Michael Young is retiring

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Ken Rosenthal of FOXSports.com reports that Michael Young has decided to retire at age 37 rather than accept an offer from, among other teams, the Dodgers.

Young played 14 seasons in the majors, the first 13 with the Rangers and last year split between the Phillies and Dodgers. He hit an even .300 with 185 homers and a .787 OPS, although his production away from Texas’ hitter-friendly ballpark was generally underwhelming. Young made seven All-Star teams, won a batting title in 2005, and played at least 100 games at all four infield positions.

He previously indicated that the Dodgers would be his choice if he decided to continue playing, but Young also cited a desire to spend more time with his family. Last season he hit .279 with eight homers and a .730 OPS in 147 games.

Must-Click Link: The Day a Mascot Got Ejected

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Today Jonah Keri gives us a fantastic story about a crazy game.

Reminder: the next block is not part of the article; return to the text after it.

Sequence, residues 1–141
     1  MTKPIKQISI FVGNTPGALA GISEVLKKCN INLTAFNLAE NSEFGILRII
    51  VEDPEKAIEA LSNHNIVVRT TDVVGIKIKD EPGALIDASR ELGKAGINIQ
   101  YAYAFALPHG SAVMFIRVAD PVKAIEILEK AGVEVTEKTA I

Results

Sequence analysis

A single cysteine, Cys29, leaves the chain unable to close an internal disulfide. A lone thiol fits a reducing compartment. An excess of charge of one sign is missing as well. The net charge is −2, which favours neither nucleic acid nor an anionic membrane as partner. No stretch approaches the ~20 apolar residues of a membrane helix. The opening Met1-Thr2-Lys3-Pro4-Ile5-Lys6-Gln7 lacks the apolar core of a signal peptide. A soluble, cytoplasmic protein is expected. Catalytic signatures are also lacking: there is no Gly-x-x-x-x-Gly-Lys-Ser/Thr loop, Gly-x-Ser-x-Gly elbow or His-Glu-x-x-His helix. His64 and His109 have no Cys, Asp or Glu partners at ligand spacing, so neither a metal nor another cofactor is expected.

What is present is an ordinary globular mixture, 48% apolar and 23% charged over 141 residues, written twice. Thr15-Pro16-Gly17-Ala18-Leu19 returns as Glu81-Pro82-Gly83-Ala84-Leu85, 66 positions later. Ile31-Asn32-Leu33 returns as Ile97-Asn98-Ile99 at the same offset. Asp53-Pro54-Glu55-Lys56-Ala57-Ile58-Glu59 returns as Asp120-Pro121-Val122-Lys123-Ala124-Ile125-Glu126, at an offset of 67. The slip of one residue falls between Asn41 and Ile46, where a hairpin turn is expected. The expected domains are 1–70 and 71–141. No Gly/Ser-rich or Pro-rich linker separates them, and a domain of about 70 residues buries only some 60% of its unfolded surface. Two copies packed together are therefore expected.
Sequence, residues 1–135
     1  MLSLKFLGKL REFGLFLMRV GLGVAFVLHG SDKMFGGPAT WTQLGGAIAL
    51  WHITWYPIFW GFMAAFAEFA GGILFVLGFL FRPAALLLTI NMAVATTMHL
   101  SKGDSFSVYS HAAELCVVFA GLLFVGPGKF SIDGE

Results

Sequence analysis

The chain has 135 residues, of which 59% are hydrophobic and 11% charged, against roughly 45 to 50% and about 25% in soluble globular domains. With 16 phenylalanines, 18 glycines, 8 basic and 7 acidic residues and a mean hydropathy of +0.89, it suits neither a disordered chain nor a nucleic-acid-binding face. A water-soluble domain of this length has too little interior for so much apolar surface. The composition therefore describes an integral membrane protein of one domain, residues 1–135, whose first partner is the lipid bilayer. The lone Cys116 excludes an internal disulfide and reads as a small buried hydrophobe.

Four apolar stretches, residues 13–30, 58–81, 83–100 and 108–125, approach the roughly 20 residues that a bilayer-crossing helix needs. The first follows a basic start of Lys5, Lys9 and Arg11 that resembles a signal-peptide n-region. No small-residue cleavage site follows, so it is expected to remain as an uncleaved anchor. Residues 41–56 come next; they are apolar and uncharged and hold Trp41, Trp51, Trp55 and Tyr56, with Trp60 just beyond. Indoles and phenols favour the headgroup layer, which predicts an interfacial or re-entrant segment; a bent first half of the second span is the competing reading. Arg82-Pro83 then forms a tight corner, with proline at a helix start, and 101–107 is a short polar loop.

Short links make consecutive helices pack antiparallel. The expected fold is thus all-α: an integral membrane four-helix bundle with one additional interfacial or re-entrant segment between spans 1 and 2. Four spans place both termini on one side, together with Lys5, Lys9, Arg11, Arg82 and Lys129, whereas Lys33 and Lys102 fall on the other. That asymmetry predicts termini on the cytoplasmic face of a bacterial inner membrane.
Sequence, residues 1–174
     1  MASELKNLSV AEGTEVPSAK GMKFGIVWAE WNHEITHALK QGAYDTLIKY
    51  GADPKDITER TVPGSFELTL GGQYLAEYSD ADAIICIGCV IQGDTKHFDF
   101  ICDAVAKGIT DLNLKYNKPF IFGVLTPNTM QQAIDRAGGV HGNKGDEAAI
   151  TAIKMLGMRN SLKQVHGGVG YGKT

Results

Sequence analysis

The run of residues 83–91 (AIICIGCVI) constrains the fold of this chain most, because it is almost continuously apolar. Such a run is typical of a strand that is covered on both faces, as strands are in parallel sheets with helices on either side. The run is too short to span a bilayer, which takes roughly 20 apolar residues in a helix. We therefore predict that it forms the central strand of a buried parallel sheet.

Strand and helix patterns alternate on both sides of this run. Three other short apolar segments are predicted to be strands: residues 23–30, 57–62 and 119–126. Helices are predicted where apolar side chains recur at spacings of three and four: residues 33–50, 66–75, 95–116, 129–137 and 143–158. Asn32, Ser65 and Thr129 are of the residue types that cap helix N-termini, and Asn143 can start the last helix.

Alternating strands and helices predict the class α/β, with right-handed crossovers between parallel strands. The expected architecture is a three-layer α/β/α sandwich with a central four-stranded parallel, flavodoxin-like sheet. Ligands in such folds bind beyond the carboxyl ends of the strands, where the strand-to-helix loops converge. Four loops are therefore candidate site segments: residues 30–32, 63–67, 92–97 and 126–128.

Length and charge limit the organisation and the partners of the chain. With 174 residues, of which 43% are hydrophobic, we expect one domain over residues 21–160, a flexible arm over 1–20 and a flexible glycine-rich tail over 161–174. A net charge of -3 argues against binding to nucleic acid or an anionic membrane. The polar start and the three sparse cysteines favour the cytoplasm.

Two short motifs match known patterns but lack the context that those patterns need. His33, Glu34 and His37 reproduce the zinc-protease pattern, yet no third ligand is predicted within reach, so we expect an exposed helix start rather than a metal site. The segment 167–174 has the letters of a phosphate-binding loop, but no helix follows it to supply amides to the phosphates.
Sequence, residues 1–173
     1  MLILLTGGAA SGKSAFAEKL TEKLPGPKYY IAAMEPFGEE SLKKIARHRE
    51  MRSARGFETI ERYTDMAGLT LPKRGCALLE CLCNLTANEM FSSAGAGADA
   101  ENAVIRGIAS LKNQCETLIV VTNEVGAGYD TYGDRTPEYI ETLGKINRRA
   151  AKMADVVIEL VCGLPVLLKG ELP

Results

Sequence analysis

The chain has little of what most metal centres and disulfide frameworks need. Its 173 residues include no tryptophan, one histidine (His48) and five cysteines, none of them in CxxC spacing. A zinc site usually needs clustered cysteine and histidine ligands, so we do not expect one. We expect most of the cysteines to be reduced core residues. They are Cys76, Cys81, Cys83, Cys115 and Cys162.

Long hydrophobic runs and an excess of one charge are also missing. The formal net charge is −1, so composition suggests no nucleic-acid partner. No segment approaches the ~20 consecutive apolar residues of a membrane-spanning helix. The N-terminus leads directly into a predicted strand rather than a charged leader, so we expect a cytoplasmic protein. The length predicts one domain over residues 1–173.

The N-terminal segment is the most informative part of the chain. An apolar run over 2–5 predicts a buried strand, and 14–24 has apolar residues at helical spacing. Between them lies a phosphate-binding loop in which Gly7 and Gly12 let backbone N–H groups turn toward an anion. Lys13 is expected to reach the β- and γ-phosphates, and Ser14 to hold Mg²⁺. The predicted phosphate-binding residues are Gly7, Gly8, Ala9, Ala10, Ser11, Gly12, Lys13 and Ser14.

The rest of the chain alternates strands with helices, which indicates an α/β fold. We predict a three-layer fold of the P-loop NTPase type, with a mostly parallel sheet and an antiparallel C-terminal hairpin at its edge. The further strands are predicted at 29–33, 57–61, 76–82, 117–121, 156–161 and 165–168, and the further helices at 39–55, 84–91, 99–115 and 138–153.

The Dodgers played the Expos in Montreal 28 years ago today. The game went 22 innings. It was a 1-0 game. More notable than the 21 and a half innings of scoreless ball, however, was the fact that Dodgers manager Tommy Lasorda got the Expos mascot — Youppi — ejected. The Dodgers and Expos didn’t score much that year overall, but when have you ever seen a mascot ejected?

Some good lunchtime reading for y’all, complete with silly GIFs and a video of the whole dang game if you hate yourself so much that you’d watch it all in its entirety.

Nicholas Castellanos hit an inside-the-park homer that shouldn’t have been

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Last night the Yankees pasted the Tigers in Detroit, but the hometown crowd did get something entertaining to send them on their way: an inside-the-park homer from Nicholas Castellanos.

At least that’s technically what it was. It would be a single and a three-base error if our official scoring made any sense.

Watch the play below. It’s all put in motion by Jacoby Ellsbury‘s decision to try to make a slide catch on the ball, misjudging it and allowing it to skip over 100 feet to the wall:

Since Ellsbury didn’t touch it it wasn’t called an error — errors are rarely if ever called on poor plays that don’t result in a fielder actually touching the ball — but it was certainly a mental error to not let the ball bounce and ensure that it didn’t get past him. Especially with such a big lead.

Oh well, that’s baseball for you.